During the 20 years following World War II, Ninth District field units were organized under 11 Groups with 29 Captains of the Port and Marine Inspection Offices (MIOs). Several Group commanders Royal Canadian Mounted Police Cpl. Raj Sandhu and Coast Guard Petty Officer 3rd Class Cody Ralston conduct “Shiprider” law enforcement operations along the Niagara River in support of the 2010 G20 Summit. Shiprider operations involve cross-designating Coast Guard and RCMP officers for maritime law enforcement operations at the U.S./Canada border. Photo by PA3 Brandon Blackwell. (U.S. Coast Guard)oversaw two or three commands simultaneously. During this period, the Ninth District maintained two icebreakers, seven 180-foot buoy tenders, a lightship, five icebreaking harbor tugs, 51 stations and 80 manned lighthouses.

In the 1960s, the Ninth District experienced further changes. In 1959, the St. Lawrence Seaway had opened allowing foreign-flagged vessels into the Great Lakes along with invasive species carried in their ballast tanks. In the 1960s and 1970s, this situation led to Coast Guard enforcement of new ballast water and waste water discharge regulations. Meanwhile, in 1966, the Coast Guard had established Air Station Detroit and, a year later, the Coast Guard was transferred from the Treasury Department to the Department of Transportation. Two years later, in 1969, the service also established Air Station Chicago.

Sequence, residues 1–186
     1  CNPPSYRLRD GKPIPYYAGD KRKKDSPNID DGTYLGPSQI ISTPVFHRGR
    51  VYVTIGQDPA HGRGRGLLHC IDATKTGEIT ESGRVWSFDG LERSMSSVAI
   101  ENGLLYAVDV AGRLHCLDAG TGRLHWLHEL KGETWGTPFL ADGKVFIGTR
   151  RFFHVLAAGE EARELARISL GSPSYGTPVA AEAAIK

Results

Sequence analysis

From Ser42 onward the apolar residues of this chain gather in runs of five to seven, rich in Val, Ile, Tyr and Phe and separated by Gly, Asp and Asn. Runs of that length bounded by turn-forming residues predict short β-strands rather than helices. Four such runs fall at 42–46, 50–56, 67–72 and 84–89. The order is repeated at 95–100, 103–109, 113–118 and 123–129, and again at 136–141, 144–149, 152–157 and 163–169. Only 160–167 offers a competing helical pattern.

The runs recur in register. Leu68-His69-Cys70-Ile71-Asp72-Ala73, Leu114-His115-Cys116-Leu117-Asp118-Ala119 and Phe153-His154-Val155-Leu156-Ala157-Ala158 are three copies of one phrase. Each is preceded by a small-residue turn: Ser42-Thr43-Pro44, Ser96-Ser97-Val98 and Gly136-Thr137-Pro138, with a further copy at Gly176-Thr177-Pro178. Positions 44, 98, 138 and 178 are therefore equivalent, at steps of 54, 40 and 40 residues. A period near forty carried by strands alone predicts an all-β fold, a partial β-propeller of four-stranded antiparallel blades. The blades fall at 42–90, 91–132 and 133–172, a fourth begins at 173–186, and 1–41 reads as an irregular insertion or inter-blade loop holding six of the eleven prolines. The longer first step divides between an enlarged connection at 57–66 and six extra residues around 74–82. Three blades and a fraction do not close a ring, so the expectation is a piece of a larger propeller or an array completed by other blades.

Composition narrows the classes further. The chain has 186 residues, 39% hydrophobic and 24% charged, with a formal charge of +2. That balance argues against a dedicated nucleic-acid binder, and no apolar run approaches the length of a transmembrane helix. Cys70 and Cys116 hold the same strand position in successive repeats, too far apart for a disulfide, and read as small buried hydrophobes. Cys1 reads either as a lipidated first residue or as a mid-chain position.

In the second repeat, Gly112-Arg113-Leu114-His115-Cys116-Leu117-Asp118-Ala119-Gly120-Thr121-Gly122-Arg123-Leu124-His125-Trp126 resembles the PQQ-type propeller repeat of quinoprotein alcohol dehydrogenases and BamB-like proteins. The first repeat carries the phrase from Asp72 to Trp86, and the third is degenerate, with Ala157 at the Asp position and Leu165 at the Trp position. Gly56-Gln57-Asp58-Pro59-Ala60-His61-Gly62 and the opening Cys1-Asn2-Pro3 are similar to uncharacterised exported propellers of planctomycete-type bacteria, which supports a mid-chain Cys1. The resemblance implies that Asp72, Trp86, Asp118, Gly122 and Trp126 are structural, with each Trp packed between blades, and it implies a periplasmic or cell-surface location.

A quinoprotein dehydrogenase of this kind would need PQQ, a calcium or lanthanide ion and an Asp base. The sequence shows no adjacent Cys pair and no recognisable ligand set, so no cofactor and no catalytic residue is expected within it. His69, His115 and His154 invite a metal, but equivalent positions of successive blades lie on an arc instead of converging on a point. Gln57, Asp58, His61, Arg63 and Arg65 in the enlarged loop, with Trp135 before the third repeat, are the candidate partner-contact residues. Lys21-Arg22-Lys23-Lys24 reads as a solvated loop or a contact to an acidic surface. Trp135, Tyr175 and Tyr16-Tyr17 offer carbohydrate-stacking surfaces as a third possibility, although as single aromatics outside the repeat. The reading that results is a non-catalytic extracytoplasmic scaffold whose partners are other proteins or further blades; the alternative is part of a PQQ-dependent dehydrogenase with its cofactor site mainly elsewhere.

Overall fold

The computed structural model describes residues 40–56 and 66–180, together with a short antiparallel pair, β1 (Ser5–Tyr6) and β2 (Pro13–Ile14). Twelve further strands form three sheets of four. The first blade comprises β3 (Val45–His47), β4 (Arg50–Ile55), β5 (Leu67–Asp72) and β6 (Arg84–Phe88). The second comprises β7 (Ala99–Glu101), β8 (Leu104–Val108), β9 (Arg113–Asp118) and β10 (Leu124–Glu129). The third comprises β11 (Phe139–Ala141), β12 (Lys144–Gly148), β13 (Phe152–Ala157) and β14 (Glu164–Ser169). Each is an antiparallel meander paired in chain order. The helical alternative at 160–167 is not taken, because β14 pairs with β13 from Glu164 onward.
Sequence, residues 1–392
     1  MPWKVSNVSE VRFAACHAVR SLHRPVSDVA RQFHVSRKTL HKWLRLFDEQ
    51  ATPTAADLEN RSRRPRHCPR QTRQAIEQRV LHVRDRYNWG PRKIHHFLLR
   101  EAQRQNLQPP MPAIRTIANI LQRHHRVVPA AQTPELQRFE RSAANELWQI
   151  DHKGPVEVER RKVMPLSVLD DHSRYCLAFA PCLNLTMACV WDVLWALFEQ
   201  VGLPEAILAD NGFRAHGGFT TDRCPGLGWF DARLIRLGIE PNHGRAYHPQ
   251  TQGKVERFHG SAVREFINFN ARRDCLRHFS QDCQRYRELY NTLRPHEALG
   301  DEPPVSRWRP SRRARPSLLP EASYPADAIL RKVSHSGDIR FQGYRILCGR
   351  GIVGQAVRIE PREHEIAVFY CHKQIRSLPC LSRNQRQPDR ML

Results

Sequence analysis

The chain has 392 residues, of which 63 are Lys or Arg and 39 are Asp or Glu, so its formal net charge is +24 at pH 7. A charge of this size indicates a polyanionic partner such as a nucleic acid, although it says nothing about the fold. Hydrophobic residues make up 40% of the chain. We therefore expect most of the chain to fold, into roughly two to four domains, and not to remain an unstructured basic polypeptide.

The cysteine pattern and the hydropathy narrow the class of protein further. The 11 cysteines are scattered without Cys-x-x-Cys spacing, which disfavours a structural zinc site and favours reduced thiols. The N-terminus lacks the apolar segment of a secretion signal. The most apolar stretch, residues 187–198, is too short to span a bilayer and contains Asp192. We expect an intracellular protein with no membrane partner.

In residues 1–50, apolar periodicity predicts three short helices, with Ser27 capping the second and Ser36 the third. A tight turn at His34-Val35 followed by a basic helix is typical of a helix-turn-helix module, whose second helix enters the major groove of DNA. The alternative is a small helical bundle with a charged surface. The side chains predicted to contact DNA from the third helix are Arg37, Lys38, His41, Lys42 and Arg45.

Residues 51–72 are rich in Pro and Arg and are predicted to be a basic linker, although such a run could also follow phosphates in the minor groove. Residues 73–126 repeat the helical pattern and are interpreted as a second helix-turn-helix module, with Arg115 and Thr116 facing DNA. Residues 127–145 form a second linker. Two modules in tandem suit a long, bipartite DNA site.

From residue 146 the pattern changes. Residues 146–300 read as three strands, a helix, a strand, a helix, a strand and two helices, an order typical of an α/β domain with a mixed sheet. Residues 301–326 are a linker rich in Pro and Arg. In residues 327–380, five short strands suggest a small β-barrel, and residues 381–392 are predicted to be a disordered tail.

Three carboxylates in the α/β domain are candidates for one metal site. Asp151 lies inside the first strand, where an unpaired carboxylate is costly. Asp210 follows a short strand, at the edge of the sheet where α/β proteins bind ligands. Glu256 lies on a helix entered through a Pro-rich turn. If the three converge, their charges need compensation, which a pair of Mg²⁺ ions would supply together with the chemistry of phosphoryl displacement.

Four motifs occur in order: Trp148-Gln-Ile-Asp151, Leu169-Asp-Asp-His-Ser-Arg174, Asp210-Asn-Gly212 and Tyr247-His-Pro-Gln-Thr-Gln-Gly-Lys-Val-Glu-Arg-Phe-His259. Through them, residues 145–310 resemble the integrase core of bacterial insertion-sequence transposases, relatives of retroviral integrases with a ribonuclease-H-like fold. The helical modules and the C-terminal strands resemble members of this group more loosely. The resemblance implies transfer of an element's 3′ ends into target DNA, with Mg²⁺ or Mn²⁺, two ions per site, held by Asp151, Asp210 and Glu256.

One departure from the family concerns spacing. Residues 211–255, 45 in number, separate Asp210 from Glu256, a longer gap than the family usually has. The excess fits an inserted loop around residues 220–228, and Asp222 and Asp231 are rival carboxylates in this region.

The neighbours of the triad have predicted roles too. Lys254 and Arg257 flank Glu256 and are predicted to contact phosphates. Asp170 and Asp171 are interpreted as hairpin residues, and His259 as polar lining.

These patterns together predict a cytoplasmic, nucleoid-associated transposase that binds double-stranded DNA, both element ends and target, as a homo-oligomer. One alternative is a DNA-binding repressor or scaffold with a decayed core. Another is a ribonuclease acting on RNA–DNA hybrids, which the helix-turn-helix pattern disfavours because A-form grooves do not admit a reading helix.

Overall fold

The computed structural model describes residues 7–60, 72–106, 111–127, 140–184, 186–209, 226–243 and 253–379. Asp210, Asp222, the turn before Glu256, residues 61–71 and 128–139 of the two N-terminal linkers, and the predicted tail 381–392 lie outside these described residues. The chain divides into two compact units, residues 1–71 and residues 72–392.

The next significant mission added to the Coast Guard and Ninth District was marine environmental protection. Several high profile oil spills and events, including the infamous 1969 Cuyahoga River fire at Cleveland, increased environmental awareness. That awareness resulted in legislation, such as the Federal Water Pollution Control Act, and other marine pollution laws and treaties. In 1972, this led to a merger of COTP and MIO commands into Marine Safety Offices (MSOs) located in ports across the Ninth District.